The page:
Measurements of Protection

If 6 feet of social distance is the standard, then why is 3 feet OK at NHS?


Madalyn Tuning


Jamie Scriven and Madalyn Tuning

Six feet apart for social distancing is what the Centers for Disease Control and Prevention (CDC) recommends in order to help control the spread of COVID-19. However, at Nixa Public Schools, 3 feet of distance is an acceptable amount of space for students to unmask, as long as they are not faceto-face. “The 3 feet social distancing allows us some flexibility, allowing kids to unmask for periods of time,” Nixa High School Principal Dr. David Kelly said. If students are at least 3 feet apart from others, and all facing the same direction, they can pull masks down, get some fresh air, and then pull them back up. Senior Tristin Bogner said he had fears of returning to school, and he was not ready to remove 3 feet of space. “You can’t just go from 6 feet, which is a defined number, to 3 feet,” Bogner said. Before school began for the year, NHS administration spoke with each department, addressing fears, concerns and recommendations on returning to school with the pandemic on edge. “We discussed fear because that’s important,” Kelly said. “We do everything we can to make sure that everybody — our students included — feel safe coming back to school.” The Christian County Health Department requires people to quarantine if they have been within 6 feet of a COVID-19 positive person for 15 minutes or more. “The quarantining thing is not easy for kids because the kid is stuck at home,” Kelly said. “Our teachers are
doing a good job of updating their Canvas pages, but it’s not the same as in-class instruction.” If the quarantine rules are for 6 feet of space or less, is 3 feet a safe distance at NHS? “From the … data that we’re tracking, it’s been a safe distance for us,” Kelly said. “I think overall, our teachers are supportive of it … but for the most part, our teachers at the high school are saying you have to have the mask on at all times. … Teachers are finding unique ways to get to 6 feet when possible. It’s just a hard distance to achieve.” Dr. Kevin Kopp, assistant superintendent, said 6 feet is the goal, but it is at times unattainable within the school’s day-to-day operations. “We believe our protocols are working. Students are doing a great job of wearing the masks,” Kopp said. “The frequent hand sanitizing, UVC disinfectant machines, and ways we are minimizing contact are all making a difference. The data is showing that the students going to quarantine due to school direct contacts are not contracting the virus, and that’s a good sign that what we are doing is working.” Although the school has been different, students still pull through. “Our students have done an awesome job of complying with our mask policy — having no issues with them,” Kelly said. Bogner has lived in Nixa his whole life. Going from hallways filled with friendly handshakes, to hallways of isolation reflects a declining quality of life to Bogner. “Things used to be a lot better from what I remember,” Bogner said. Kelly has personal experience with the coronavirus.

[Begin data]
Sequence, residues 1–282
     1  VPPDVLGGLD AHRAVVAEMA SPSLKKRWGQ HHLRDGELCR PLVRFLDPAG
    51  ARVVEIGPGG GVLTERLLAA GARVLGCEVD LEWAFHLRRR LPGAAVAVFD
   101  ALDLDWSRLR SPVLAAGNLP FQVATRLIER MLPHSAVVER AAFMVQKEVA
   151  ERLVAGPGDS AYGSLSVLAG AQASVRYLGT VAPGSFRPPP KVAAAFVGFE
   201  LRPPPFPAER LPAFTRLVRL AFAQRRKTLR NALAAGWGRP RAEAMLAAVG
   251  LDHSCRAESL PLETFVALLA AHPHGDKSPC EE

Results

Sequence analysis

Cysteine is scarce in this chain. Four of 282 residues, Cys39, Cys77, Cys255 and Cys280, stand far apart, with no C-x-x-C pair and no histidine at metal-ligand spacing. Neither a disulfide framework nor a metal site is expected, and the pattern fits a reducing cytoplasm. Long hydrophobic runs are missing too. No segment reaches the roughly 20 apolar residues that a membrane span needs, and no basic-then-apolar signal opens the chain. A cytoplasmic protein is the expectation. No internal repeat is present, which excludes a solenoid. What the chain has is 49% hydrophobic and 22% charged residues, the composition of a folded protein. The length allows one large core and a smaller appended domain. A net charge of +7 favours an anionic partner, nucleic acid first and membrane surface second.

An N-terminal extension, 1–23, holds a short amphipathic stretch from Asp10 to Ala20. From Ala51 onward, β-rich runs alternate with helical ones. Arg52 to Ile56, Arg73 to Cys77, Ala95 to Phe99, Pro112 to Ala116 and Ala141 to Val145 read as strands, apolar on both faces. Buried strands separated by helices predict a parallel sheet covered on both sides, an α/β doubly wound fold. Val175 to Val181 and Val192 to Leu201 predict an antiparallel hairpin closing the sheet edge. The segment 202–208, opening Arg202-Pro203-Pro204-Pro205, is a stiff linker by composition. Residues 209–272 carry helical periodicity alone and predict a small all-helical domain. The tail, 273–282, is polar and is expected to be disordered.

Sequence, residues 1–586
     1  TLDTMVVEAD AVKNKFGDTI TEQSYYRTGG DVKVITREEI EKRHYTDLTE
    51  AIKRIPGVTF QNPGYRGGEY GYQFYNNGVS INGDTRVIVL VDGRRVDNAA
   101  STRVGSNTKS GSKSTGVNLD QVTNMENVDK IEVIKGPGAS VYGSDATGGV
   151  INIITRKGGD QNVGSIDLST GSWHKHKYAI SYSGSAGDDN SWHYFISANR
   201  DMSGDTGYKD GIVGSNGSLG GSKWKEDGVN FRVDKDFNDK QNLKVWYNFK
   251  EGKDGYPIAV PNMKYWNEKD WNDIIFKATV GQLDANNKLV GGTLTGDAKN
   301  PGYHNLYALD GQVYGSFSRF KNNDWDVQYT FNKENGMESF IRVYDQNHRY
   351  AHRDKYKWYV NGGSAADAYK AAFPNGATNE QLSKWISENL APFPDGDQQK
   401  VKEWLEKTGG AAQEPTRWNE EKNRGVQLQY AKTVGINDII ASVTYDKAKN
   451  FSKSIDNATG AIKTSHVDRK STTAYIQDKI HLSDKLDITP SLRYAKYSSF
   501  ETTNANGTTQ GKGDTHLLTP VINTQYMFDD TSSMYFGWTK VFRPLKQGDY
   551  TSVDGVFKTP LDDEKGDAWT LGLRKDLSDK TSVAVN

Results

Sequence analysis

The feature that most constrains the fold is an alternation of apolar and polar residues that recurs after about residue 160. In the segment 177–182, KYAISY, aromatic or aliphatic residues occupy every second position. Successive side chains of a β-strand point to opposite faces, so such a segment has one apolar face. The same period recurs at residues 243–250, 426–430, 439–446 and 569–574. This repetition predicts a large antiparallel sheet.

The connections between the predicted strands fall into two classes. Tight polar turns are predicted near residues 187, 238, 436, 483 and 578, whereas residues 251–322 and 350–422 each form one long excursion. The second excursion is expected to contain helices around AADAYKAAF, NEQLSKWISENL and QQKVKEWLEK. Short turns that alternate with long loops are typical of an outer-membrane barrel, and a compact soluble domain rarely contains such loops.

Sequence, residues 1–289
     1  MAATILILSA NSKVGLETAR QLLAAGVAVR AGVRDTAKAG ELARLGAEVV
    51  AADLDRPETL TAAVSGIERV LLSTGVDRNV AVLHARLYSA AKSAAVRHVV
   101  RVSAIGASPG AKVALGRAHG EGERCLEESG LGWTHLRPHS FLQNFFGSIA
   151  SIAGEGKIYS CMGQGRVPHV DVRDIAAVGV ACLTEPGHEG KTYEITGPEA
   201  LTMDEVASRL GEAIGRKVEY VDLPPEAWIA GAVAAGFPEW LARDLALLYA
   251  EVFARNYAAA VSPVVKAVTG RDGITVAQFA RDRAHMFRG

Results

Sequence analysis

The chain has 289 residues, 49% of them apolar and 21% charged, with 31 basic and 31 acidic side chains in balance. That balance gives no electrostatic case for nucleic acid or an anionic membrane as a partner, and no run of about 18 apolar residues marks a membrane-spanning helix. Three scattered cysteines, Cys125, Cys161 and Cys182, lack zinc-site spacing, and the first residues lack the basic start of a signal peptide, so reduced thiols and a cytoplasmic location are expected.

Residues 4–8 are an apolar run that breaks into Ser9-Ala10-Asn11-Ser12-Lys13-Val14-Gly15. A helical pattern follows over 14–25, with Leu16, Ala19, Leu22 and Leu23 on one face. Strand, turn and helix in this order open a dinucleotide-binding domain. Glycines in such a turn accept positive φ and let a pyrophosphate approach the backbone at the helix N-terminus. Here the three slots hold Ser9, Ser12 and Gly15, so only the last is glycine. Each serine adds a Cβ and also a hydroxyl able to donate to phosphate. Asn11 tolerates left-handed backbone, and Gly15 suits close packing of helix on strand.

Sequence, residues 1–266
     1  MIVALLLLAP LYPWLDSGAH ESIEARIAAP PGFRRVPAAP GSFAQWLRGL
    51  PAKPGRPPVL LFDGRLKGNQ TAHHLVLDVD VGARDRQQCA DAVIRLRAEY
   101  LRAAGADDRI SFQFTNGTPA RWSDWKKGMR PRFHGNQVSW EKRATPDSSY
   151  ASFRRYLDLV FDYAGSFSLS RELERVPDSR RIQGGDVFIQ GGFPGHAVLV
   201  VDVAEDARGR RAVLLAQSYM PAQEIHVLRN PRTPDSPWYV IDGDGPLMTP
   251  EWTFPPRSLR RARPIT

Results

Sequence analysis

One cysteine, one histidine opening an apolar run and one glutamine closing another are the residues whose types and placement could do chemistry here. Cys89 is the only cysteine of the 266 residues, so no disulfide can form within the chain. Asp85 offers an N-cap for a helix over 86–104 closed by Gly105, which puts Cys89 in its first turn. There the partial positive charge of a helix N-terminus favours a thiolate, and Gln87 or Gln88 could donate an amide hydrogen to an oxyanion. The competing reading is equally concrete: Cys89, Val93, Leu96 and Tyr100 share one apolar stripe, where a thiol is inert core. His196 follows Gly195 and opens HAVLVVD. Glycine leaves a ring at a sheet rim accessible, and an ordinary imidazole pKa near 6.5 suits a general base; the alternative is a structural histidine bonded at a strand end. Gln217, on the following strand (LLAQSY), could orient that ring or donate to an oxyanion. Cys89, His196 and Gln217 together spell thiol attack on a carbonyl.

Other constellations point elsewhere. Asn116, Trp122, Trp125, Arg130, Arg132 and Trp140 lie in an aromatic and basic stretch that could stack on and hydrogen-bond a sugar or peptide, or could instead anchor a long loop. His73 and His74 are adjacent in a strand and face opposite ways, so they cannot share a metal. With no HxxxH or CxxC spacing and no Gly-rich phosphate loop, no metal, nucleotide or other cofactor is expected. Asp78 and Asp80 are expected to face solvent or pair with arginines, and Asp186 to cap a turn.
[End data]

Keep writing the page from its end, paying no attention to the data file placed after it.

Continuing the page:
“We’ve had [COVID-19] in our family, and we were blessed that it was very minor for us,” Kelly said. He says it is important to keep vigilant on safety protocols. “We’re trying to get to 6 feet in as many situations as possible. … Our goal is to keep everybody as safe as possible and also have as normal as a school year as possible — and take precautions in the way that we do that,” he said. Social distancing at school is encouraged through serval options available to teachers: • Independent work can happen in a socially distanced way in the commons, or in the hallways. • Outside learning spaces are an option. • Students sometimes move to new seats within a classroom every 15 minutes, which means they won’t be seated near anyone else for longer than 15-minute increments. • Classes are on a rotating lunch schedule. They eat lunch in the classrooms on a periodic basis, which frees up space in the commons. • Some students are learning 100 percent virtually. • Masks are required when social distancing can’t be attained.